Neil DeGrasse Tyson, dubbed “Science’s Televangelist” by Rod Dreher, made some rather disparaging remarks about philosophy in a podcast exchange last week [transcript available here]. Responding to the host’s admission that he majored in philosophy, NdGT quipped, “that can really mess you up”. The host added, “I always felt like maybe there was a little too much question asking in philosophy [of science]?” — prompting a wave of ridicule from Tyson:
dGT: Well, I’m still worried even about a healthy balance. Yeah, if you are distracted by your questions so that you can’t move forward, you are not being a productive contributor to our understanding of the natural world. And so the scientist knows when the question “what is the sound of one hand clapping?” is a pointless delay in our progress.
[insert predictable joke by one interviewer, imitating the clapping of one hand]
dGT: How do you define clapping? All of a sudden it devolves into a discussion of the definition of words. And I’d rather keep the conversation about ideas. And when you do that don’t derail yourself on questions that you think are important because philosophy class tells you this. The scientist says look, I got all this world of unknown out there, I’m moving on, I’m leaving you behind. You can’t even cross the street because you are distracted by what you are sure are deep questions you’ve asked yourself. I don’t have the time for that.
interviewer [not one to put too fine a point on things, apparently]: I also felt that it was a fat load of crap, as one could define what crap is and the essential qualities that make up crap: how you grade a philosophy paper?
dGT [laughing]: Of course I think we all agree you turned out okay.
interviewer: Philosophy was a good Major for comedy, I think, because it does get you to ask a lot of ridiculous questions about things.
dGT: No, you need people to laugh at your ridiculous questions.
What is striking to the observant reader is how, in adopting a pragmatic stance towards the value of philosophy, which Tyson seemingly views as beneficial chiefly in relation to the pursuit of scientific knowledge, Tyson himself is adopting a philosophical position. Tyson can only denigrate philosophy by committing himself to a specific philosophical viewpoint, and what seems to be an incredibly myopic one at that.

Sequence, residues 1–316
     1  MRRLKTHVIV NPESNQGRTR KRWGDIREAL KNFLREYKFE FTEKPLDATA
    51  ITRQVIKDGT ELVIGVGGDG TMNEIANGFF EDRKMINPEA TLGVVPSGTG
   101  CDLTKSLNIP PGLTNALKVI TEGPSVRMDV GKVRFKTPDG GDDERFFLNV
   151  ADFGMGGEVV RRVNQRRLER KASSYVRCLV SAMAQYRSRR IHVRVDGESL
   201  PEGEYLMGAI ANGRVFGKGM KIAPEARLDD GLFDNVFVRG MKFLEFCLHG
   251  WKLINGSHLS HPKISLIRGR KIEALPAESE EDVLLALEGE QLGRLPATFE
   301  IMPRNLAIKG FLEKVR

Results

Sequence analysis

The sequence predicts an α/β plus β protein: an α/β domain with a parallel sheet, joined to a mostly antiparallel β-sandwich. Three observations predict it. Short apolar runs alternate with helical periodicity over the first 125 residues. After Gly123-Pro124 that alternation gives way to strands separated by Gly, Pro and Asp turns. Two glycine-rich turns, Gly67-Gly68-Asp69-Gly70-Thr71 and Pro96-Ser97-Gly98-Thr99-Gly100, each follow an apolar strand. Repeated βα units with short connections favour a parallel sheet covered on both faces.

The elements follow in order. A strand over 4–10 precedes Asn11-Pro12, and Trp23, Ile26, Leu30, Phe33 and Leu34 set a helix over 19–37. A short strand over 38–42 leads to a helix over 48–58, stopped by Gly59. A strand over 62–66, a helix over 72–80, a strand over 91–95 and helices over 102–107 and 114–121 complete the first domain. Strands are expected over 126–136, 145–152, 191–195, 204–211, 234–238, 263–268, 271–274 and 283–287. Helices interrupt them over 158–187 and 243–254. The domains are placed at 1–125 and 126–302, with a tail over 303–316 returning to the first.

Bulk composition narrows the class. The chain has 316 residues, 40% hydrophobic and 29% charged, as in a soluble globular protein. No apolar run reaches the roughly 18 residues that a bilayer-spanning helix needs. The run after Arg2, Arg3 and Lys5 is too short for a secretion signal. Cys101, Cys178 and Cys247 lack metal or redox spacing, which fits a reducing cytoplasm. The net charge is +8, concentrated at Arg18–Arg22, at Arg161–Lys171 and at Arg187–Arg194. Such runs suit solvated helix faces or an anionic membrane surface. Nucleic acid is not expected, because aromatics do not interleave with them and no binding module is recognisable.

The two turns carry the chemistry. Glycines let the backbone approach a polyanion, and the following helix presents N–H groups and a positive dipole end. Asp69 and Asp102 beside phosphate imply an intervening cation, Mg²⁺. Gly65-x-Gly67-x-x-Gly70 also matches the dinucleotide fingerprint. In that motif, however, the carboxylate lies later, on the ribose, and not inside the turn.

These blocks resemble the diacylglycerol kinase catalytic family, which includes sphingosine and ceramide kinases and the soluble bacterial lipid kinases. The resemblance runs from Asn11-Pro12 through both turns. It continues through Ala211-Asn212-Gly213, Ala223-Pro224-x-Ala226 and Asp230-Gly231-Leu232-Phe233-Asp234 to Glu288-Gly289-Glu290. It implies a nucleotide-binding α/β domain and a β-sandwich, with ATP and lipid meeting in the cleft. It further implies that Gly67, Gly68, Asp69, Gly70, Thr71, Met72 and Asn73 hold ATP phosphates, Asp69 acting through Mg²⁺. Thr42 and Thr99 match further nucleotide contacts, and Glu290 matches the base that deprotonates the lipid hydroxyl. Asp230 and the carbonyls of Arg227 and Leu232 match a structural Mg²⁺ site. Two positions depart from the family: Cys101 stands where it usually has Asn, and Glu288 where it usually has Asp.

A roundup of responses:
- Neil deGrasse Tyson and the value of philosophy, by Massimo Piglucci, Professor of Philosophy at CUNY-City College. Piglucci’s blog
- Why Neil deGrasse Tyson is a philistine, by Damon Linker. The Week 05/06/14:
… behold the spectacle of an otherwise intelligent man and gifted teacher sounding every bit as anti-intellectual as a corporate middle manager or used-car salesman. He proudly proclaims his irritation with “asking deep questions” that lead to a “pointless delay in your progress” in tackling “this whole big world of unknowns out there.” When a scientist encounters someone inclined to think philosophically, his response should be to say, “I’m moving on, I’m leaving you behind, and you can’t even cross the street because you’re distracted by deep questions you’ve asked of yourself. I don’t have time for that.”
“I don’t have time for that.”
With these words, Tyson shows he’s very much a 21st-century American, living in a perpetual state of irritated impatience and anxious agitation. Don’t waste your time with philosophy! (And, one presumes, literature, history, the arts, or religion.) Only science will get you where you want to go! It gets results! Go for it! Hurry up! Don’t be left behind! Progress awaits!
- An Open Letter to Neil deGrasse Tyson, by Lewis Powell (Professor of Philosophy, University of Buffalo):
The study of ethics or morality—inquiry into the nature of value—is a core area of philosophy, and has been since its inception. And while scientific discoveries can reveal to us things like, how to build bridges, the methods for transplanting organs, or the psychological mechanisms of human persuasion, a practicing scientist implicitly takes stands on the normative questions of which bridges are worth building, which patients ought to get the organs that are in short supply, or which means of persuasion are morally permissible to use when trying to convince people of important truths.
NDGT deigns to reply in the author’s combox, leading to an extended discussion.
- No, Neil deGrasse Tyson Does Not Hate Philosophy, He Just Doesn’t Get Why It’s Relevant, by Gina O’Neill Santiago. Thoughts on Liberty
- Neil de Grasse’s Scientism, by William M. Briggs:
The other day on Twitter, I saw somebody quote approvingly these words by Neil deGrasse Tyson: “The good thing about Science is that it’s true whether or not you believe in it.”
This received many favorites, re-tweets, and various (coarse) approbations. Evidently, this phrase produces a visceral glow in its fans, or perhaps the feeling of belonging to a group advanced beyond the benighted masses who, wallowing in their ignorance, dare to doubt Science.
Only here’s the thing. The phrase doesn’t mean anything. It’s emptier than our federal coffers. …